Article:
‘Burma Unmasked’ – the HART 2014 Scholarship Competition

February 25th, 2014

‘Burma Unmasked’ – the HART 2014 Scholarship Competition

On the 21st February 2014, HART held its annual Scholarship Prize-Giving Event in the Swiss Church, London. The HART Scholarship competition aims to raise awareness of the oppression suffered by the people with whom HART works and to encourage young people to learn about human rights. This year’s theme was ‘Burma Unmasked’, exploring the plight of Burma’s ethnic nationals through a variety of art forms. Young people from across the UK were provided with information about the situation in Burma and asked to produce a piece of artwork. The Art Exhibition, displaying a wide selection of the entries, was extremely successful and well-attended, with a truly inspiring speech by Baroness Cox. The winners of the competition received £100 prize money and an invite to tea in the House of Lords with Baroness Cox. The Art Exhibition is now touring the country, including the Oxford and Bristol international development conferences. We are pleased to announce the winners of the Scholarship competition are:

Art Scholarship (16-17 years):  Winner – Cara Williams                Runner-up – Seren Hawley-Plows

Art Scholarship (senior):              Winner – Alys Baxter                    Runner-up – Cheyenne Applin

Essay Scholarship:                          Winner – Rebecca Thomas         Runner-up – Sophie Stollery

Highly Commended – Isobel Thompson

The exhibition highlighted the humanitarian situation in Burma. Recently, Burma has received international commendation for its progress towards becoming a democracy. However, questions remain as to whether the Burmese government is genuinely striving for democracy, or if it is merely creating this impression to gain international respect whilst continuing its oppressive regime and human rights violations.

As political debates occur, the government continues to persecute Burmese ethnic nationals with impunity. Over 135 different ethnic national groups constitute 40% of the Burmese population, yet the regime oppresses these groups. Serious human rights violations such as rape, violence, extra-judicial killings, abduction and torture are regularly inflicted by the Burmese Army. The oppression is deep and deliberate: caused by destruction of livelihoods, confiscation of land without compensation and forced labour. Thousands have been forced to flee into the jungle living with minimal food, no healthcare and no access to education. They are nicknamed the ‘forgotten people’, reached only by cross-border aid teams who risk their lives daily to ensure these people may survive. Those who flee to Thailand face fear of deportation or being trafficked into the sex industry. In addition to the conflict is the struggle with the Mawta famine which struck in 2007 making cultivation nearly impossible, with the effects still being felt today.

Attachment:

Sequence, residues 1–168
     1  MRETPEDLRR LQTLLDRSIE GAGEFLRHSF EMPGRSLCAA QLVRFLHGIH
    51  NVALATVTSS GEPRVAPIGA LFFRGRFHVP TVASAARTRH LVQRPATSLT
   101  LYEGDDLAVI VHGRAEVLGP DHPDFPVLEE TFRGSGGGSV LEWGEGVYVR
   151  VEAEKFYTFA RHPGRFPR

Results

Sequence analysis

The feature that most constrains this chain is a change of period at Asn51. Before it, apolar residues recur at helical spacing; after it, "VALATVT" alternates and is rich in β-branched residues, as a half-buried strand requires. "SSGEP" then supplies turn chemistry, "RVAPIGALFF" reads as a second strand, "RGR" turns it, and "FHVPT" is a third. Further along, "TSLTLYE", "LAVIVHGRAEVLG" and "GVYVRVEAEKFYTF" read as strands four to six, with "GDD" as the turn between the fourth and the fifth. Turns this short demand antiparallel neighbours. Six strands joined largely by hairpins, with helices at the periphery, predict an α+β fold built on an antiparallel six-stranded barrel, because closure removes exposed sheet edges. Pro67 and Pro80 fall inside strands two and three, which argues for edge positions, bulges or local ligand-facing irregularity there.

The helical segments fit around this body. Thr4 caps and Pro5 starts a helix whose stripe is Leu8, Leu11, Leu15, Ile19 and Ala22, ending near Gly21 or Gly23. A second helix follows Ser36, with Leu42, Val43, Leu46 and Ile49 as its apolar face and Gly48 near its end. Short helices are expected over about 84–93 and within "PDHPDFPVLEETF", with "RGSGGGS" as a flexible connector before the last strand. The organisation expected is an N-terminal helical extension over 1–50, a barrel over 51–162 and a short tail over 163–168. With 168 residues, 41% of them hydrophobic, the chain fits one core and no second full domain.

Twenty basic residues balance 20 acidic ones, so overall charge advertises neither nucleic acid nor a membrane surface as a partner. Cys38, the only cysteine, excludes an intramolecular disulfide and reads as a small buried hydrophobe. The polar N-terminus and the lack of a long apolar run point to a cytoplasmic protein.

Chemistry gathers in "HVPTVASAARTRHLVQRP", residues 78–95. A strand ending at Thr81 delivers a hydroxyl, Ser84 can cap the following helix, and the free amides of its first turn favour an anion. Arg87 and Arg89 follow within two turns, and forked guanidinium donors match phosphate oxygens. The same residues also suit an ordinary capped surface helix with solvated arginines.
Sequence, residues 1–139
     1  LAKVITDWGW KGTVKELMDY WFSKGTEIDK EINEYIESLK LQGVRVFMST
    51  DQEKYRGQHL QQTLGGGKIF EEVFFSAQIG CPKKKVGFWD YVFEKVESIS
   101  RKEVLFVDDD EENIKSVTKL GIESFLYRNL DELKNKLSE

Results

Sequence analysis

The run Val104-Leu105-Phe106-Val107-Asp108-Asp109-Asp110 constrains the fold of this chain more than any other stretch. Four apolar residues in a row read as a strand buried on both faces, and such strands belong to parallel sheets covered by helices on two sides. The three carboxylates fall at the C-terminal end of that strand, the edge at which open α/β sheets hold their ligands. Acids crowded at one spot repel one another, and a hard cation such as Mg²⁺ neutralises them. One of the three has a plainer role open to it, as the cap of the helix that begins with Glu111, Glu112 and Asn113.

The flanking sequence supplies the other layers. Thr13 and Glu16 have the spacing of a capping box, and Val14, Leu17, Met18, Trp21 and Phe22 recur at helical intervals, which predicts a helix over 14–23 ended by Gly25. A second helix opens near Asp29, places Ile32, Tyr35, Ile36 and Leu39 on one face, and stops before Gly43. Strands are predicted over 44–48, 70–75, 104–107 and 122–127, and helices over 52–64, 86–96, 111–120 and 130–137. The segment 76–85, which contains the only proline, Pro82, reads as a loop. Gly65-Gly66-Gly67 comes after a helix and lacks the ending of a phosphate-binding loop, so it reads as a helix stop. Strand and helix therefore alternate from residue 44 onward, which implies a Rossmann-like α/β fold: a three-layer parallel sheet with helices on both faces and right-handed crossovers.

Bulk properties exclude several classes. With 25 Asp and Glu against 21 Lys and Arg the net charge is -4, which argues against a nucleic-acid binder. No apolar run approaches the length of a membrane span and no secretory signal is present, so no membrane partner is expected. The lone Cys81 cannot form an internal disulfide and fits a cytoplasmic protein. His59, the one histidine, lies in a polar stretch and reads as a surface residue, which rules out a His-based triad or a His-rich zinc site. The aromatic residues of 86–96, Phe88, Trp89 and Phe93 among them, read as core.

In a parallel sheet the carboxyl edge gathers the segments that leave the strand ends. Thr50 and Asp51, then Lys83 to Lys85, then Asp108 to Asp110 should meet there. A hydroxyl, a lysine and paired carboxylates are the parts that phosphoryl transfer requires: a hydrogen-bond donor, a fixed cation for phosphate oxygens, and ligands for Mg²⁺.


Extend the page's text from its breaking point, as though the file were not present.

HART recently returned from a visit to the Thai-Burma border lands, meeting with representatives of a number of ethnic groups including the Shan and the Kachin. It was confirmed that human rights abuses continue to be committed by the Burmese Military with impunity, and military offensives have increased in some areas. HART heard first-hand accounts of recent violent outbreaks against ethnic nationals which occurred days before HART’s arrival, making the scholarship theme particularly poignant. A full report of this visit will be released shortly.

The Scholarship competition was able to acknowledge and present the immense efforts of HART’s partners that support those who are living in dire circumstances inside Burma and whose voices are rarely heard in the international media or current debates. Since 2007, HART has supported two clinics in Chin land and now supports a third, providing about half of the running costs for each clinic. The funds provide wages and mobile backpack clinics to reach areas that are otherwise inaccessible or denied medical care by the regime. In 2010, HART funded 70% of the running costs for the Chin Refugee Committee, which lobbies on behalf of the Chin people, based in Delhi, India. On the Thai-Burma border, HART partners the Heath and Hope clinic, founded by Dr Sasa in 2009 that works to create community based development and healthcare. HART also supports SWAN, the Shan Women’s Action Network who founded Health Care clinics to support the Shan with the headquarters in Thailand, but providing centres within Shan State itself. This includes maternal and child health care, and HIV prevention.

This work would not be such a success without the input of our supporters and we would like to thank all those who took time to enter our scholarship competition and attend the event.

Elizabeth Stanton

By Elizabeth Stanton

Elizabeth is currently interning at HART for three months having recently graduated from Durham University where she studied Physical Geography. Her interests include women’s empowerment and the relationship between environmental processes and development.


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